The Meaning of the Black Death

The act of cartographic representation itself attributes an importance to the Black Death which Graus denied. After all, the mere presence of a map of the Black Death in numerous historical atlases, even atlases of world history, confers immense historical significance on this event. The idea of the Black Death as a mighty agent in European history can be traced in part to Justus Friedrich Carl Hecker’s 1832 book Der schwarze Tod im vierzehnten Jahrhundert. Just as our own increasing attentiveness to climate change is now stimulating awareness of the environment as a historical factor, Hecker’s book reflected a growing nineteenth-century interest in epidemiology that was partly inspired and then bolstered by that century’s cholera and typhoid outbreaks. Long before McNeill’s Plagues and Peoples sought to ‘bring the history of infectious disease into the realm of historical explanation’, Hecker asked what difference the Black Death made in European society.

For Hecker the epidemic itself was a central manifestation of something larger, ‘a consequence of violent commotions in the earth’s organism’ — an environmental crisis, we might say — marked by the earthquakes, locust-plagues and floods which medieval chroniclers almost invariably associated with the epidemic. The Black Death in turn led directly, Hecker argued, to the penitential flagellant movement as well as renewed persecutions of Jews. Even more significant were the effects on human morality, for ‘such a state of excitement’ naturally compels ‘nations either [to] attain a higher degree of moral worth, or sink deeper in ignorance and vice’. Subsequent authors made his point more explicit: the moral crisis of the Black Death gave birth to the Reformation (or at least the Renaissance) and brought the Middle Ages to an end. Faye Getz has described Hecker’s account of the Black Death’s causes and effects as ‘gothic epidemiology’, evocative of the dark, powerful and morbidly fascinating villains of the nineteenth century gothic novel. Despite general agreement that the Black Death must have had a deep and broad impact, direct evidence has proved elusive. If anything, places with high mortality rates often demonstrated a remarkable resilience. Life went on, with fewer changes than we might expect.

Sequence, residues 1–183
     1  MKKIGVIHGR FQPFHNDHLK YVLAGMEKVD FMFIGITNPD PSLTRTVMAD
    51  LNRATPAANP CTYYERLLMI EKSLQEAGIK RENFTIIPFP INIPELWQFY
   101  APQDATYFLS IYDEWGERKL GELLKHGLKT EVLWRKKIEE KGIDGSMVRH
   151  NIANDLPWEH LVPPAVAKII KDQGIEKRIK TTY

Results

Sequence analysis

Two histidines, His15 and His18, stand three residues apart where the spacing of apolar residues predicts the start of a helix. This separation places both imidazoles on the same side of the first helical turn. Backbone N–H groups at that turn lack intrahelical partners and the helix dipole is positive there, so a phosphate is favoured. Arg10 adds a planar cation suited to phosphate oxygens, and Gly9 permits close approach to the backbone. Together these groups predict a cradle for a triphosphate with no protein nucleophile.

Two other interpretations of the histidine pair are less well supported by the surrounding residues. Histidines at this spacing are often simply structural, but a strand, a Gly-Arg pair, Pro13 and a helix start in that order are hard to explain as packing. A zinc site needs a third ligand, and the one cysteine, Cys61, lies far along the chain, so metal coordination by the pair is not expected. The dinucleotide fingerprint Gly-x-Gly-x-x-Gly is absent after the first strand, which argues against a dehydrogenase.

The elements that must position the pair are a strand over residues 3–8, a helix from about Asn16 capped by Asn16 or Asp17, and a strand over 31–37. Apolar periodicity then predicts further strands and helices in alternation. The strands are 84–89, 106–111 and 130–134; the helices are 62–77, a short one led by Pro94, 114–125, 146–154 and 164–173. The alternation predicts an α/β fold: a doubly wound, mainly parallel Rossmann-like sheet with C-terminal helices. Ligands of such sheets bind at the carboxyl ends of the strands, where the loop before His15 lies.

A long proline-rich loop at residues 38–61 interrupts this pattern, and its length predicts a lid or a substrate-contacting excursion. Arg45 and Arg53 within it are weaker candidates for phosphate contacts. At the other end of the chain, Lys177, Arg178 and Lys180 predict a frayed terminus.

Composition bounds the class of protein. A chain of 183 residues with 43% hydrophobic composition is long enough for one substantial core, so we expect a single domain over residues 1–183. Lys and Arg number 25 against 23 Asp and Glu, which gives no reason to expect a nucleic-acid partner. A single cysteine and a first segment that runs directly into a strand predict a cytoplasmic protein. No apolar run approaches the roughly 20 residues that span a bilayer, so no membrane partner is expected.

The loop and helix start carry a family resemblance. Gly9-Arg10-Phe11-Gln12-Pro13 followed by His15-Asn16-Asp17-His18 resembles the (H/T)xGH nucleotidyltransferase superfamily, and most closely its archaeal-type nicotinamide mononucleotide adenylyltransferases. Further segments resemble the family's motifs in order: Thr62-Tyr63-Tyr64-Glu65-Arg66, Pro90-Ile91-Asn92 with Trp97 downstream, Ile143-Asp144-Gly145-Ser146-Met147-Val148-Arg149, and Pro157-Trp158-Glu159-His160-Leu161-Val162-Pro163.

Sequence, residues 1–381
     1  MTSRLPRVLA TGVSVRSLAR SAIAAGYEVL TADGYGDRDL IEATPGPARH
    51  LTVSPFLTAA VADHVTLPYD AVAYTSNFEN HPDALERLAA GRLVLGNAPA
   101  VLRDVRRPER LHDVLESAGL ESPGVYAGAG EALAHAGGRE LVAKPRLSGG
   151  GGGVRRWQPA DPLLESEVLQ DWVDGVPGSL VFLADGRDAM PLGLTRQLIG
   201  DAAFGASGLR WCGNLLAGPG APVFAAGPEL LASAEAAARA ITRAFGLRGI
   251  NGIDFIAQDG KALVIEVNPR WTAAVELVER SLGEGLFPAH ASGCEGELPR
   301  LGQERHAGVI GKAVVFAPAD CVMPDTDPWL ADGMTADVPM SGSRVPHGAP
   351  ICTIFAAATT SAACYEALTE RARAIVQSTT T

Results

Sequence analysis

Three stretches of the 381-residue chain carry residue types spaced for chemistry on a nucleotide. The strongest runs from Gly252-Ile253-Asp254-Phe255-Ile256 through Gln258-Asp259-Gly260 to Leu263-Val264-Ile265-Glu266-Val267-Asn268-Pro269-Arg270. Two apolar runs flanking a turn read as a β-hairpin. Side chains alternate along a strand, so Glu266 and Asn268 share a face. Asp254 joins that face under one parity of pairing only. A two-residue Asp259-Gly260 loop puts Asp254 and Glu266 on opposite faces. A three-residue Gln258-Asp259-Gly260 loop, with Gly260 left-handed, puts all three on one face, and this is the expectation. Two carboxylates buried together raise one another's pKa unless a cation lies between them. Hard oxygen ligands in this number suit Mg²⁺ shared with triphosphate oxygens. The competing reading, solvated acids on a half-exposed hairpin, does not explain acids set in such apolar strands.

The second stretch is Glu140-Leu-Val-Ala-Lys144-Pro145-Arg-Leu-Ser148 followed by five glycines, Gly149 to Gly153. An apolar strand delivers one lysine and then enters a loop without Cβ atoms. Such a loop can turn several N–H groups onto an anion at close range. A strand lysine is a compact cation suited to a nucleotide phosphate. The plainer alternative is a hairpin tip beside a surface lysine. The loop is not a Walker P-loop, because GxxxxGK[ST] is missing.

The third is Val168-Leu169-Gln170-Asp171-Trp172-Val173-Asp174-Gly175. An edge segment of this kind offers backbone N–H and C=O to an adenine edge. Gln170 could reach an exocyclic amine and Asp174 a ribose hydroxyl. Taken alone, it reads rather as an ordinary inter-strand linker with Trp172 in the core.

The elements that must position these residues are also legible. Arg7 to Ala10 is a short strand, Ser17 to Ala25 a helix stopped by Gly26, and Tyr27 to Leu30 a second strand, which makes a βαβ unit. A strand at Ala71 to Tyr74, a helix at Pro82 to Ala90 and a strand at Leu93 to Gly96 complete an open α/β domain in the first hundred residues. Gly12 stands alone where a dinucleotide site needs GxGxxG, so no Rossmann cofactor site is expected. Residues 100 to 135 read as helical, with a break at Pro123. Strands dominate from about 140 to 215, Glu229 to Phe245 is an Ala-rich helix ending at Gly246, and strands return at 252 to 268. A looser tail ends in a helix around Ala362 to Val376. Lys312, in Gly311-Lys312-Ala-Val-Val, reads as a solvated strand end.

(M.R.) David Mengel, "A Plague on Bohemia. Mapping the Black Death," Past and Present no. 211 (May 2011), 3-34.